Da Weekend

Apr. 24th, 2017 08:24 am
hudebnik: (Default)
Saturday: [personal profile] shalmestere went to her vielle and viol lessons, while I did some yard work. Met her for lunch, came home for a nap, then drove to Poughkeepsie for a really good concert of 13th-14th-century music on the theme of Dante. Had a really good barbecue dinner in Poughkeepsie, then drove home and crashed in bed.

Sunday: woke late, made pancakes (for the first time on our new stove!), took Moongrrl for a walk in the park. [personal profile] shalmestere spent a few hours finding and/or arranging processional-sounding pieces to play on shawms for an upcoming SCA gig, while I did more yard work.

In a previous post, I lamented the finish of the new cabinets in our mid-renovation kitchen. Got an e-mail reply from the manufacturer, saying "the veneer is a multi-step process, and we don't recommend trying to change the finish." Which is exactly what one would expect them to say: they have nothing to gain, and considerable to lose, by "authorizing" us to refinish their cabinets. So the reply doesn't carry much informational content. However, I have some scraps of leftover cabinet material, and we experimented Sunday with sanding and staining it. Preliminary results: some of the pieces are made of real wood, and they stain reasonably well. Other pieces are plywood with a plasticky veneer, and neither sanding nor staining has much effect on them. Fortunately, most of the plywood parts are internal; the parts of the cabinets that face into the room are mostly real-wood.


Jan. 14th, 2017 06:35 am
hudebnik: (henry)
NYC early-music group TENET, which has traditionally centered its efforts around Monteverdi and his contemporaries, decided for this year to do a series of three concerts centered on Machaut: early (and predecessors), middle (and his well-known contemporary Anonymous), and late (and followers). Last night was the "middle" concert, and like the "early" concert a few months ago, it was extremely well done. Somewhat remarkably, none of the pieces on the program were Machaut's "greatest hits", such as "Douce Dame Jolie" or "Quant je suis mis au retour". And everything was held together beautifully by director Scott Metcalf's spoken commentary, which touched both the intellect and the heart.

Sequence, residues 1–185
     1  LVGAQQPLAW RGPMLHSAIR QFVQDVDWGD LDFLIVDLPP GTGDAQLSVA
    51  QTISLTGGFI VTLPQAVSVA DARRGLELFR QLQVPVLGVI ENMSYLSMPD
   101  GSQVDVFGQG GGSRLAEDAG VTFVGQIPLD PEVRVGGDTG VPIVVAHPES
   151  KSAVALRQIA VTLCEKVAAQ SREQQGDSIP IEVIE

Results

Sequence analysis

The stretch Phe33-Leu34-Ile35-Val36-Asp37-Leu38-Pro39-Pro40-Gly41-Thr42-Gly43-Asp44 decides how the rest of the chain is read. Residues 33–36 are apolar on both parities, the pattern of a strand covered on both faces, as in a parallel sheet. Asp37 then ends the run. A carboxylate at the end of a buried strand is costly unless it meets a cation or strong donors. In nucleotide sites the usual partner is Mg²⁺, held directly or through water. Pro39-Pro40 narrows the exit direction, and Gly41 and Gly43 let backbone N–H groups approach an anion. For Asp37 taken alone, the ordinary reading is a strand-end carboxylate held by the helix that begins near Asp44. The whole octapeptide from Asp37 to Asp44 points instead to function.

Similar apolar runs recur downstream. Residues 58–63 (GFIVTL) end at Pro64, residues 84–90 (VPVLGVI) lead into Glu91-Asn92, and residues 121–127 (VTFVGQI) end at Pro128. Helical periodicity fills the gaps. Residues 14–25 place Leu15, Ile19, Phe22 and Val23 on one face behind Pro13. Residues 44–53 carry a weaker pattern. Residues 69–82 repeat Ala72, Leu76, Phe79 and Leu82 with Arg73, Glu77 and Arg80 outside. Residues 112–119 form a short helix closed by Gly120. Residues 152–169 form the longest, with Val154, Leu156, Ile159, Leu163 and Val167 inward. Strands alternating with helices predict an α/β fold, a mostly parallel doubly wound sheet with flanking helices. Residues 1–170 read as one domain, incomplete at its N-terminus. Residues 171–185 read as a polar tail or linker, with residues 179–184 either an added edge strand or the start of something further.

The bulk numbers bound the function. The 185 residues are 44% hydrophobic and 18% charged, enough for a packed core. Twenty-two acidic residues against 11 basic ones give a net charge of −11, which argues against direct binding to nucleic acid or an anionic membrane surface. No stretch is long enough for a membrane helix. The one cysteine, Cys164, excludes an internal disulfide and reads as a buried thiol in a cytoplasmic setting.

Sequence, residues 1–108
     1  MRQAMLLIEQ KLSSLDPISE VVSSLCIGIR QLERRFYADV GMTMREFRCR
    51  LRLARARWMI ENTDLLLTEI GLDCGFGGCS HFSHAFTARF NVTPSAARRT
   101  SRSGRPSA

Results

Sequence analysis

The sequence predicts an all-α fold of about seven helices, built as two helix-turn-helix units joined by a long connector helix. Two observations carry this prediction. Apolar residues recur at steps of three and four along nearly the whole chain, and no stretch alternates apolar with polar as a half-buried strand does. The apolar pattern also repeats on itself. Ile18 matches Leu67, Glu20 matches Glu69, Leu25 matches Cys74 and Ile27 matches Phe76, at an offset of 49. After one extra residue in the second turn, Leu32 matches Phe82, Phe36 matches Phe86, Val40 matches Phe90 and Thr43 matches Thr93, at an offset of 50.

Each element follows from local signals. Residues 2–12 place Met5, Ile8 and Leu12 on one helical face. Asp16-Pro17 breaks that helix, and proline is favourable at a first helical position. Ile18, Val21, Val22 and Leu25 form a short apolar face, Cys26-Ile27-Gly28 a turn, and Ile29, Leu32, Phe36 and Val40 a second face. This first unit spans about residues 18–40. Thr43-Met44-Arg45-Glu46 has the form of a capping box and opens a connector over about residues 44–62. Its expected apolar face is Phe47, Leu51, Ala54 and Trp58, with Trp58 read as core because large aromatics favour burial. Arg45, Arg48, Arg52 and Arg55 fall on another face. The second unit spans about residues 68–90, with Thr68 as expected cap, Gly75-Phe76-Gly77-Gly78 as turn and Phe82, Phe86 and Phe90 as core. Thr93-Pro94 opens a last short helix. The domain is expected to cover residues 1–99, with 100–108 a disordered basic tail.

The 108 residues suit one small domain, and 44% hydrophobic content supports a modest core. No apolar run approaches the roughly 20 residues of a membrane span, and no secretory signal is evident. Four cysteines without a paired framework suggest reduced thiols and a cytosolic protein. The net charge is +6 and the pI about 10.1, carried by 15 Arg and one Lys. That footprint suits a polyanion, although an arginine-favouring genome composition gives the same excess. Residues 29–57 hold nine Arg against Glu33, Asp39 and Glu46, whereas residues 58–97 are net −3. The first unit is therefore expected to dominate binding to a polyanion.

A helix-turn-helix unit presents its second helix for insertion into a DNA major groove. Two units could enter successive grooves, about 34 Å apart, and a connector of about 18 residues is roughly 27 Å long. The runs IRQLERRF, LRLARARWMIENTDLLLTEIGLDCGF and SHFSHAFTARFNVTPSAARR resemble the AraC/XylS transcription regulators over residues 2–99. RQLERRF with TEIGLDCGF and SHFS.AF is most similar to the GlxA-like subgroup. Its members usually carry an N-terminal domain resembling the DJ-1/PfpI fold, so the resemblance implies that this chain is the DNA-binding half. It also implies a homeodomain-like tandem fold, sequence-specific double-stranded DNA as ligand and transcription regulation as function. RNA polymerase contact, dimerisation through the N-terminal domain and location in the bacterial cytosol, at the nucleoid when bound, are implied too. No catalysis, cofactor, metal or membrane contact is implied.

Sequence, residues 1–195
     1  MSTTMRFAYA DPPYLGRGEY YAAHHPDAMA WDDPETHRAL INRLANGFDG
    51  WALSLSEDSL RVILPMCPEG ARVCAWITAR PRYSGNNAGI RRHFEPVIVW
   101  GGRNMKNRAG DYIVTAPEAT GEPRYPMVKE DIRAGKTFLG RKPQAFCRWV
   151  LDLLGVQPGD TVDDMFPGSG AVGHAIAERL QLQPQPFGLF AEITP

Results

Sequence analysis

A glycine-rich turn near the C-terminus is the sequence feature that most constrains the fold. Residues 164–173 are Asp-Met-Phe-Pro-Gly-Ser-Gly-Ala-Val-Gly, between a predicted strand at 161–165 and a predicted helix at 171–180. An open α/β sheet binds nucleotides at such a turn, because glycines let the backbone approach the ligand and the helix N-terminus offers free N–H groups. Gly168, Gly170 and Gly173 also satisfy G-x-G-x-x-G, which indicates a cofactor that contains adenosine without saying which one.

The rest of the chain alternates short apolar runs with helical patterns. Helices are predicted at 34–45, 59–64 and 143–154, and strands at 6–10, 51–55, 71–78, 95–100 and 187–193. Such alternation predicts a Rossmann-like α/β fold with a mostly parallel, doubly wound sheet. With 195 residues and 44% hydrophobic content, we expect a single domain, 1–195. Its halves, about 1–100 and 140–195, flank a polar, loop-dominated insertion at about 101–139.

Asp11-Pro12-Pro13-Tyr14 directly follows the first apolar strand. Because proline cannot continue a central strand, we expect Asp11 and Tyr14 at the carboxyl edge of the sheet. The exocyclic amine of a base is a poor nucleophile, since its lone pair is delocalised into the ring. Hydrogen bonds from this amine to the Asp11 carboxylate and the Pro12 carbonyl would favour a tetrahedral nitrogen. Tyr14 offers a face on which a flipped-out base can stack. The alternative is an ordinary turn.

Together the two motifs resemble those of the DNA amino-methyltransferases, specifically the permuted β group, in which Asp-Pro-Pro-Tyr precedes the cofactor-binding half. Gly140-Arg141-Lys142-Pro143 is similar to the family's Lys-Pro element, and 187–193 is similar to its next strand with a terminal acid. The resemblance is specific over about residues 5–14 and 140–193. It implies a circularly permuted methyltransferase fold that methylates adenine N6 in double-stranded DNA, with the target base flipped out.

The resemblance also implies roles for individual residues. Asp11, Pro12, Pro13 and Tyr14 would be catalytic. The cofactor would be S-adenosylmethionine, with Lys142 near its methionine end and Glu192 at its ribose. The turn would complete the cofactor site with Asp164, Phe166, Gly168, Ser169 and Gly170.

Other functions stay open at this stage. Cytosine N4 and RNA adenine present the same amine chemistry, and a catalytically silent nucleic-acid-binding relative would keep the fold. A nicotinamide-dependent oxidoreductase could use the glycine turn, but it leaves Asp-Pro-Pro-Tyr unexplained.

The concert was in a tiny art-gallery space in the Village, seating maybe forty people, so they did two shows back to back (7:00 and 9:00), which I think were both sold out. We bought tickets too late to get the 7:00 seating, so we went to the 9:00, getting to bed after midnight.

I should have more to say about this concert, but I need to feed the dogs.
hudebnik: (devil duck)
We had been considering going to an SCA event this weekend, but it didn't work out for various reasons. So the night before last, [livejournal.com profile] shalmestere said "Wasn't there a concert that looked good but we couldn't get to because we'd be on our way to the event?" She looked on various web sites and discovered a TENET concert of Ars Antiqua and Ars Nova music, in two shows September 30. So yesterday morning she made some phone calls and nabbed two tickets to the early show.

It turns out that TENET is doing a series of three concerts this year focused on Machaut. This one started with Machaut's predecessors Adam de la Halle and Philippe de Vitry, continuing through Machaut's "early period" (i.e. pieces included in mss. dated around 1350); the second, in January, will be "middle period" Machaut and contemporaries; and the third, in May, will be late Machaut and "the next generation" (presumably Ars Subtilior, perhaps as far as Dufay). All three concerts will be in the same small performance space (seats about 40-50) on 13th Street.

I think this is the earliest repertoire we've heard TENET do: I tend to associate them with 17th-century music. And indeed, they're doing Monteverdi, J.S. Bach, Vivaldi, and Gesualdo this year, in addition to the Machaut cycle. But (with a somewhat different choice of personnel and instruments) they did a terrific job of it. Music director Scott Metcalf gave an informal but informative overview of Machaut's life and work, as well as controversies and trends in performance practice of this music, and he played a pretty mean vielle (and occasionally harp). Debora Nagy wrote neat instrumental arrangements of some of the songs, and played either doucaine, on untexted tenor lines against two voices, or Boudreau stick recorders (just like the ones we just bought) on noodly upper lines in all-instrumental pieces. Charlie Weaver, whom we met in the "Machaut Project" at our first Amherst workshop and who is often seen around town with a theorbo longer than he is, played a more reasonable-scale plectrum lute. Singers Jolle Greenleaf, Luthien Brackett, Owen McIntosh, and Jason McStoots, in various combinations, took the texted lines and sometimes vocalized on untexted lines, blending well while remaining distinct enough to make out what their disparate lines were doing. We were particularly impressed with Luthien Brackett's clear, unfussy alto voice.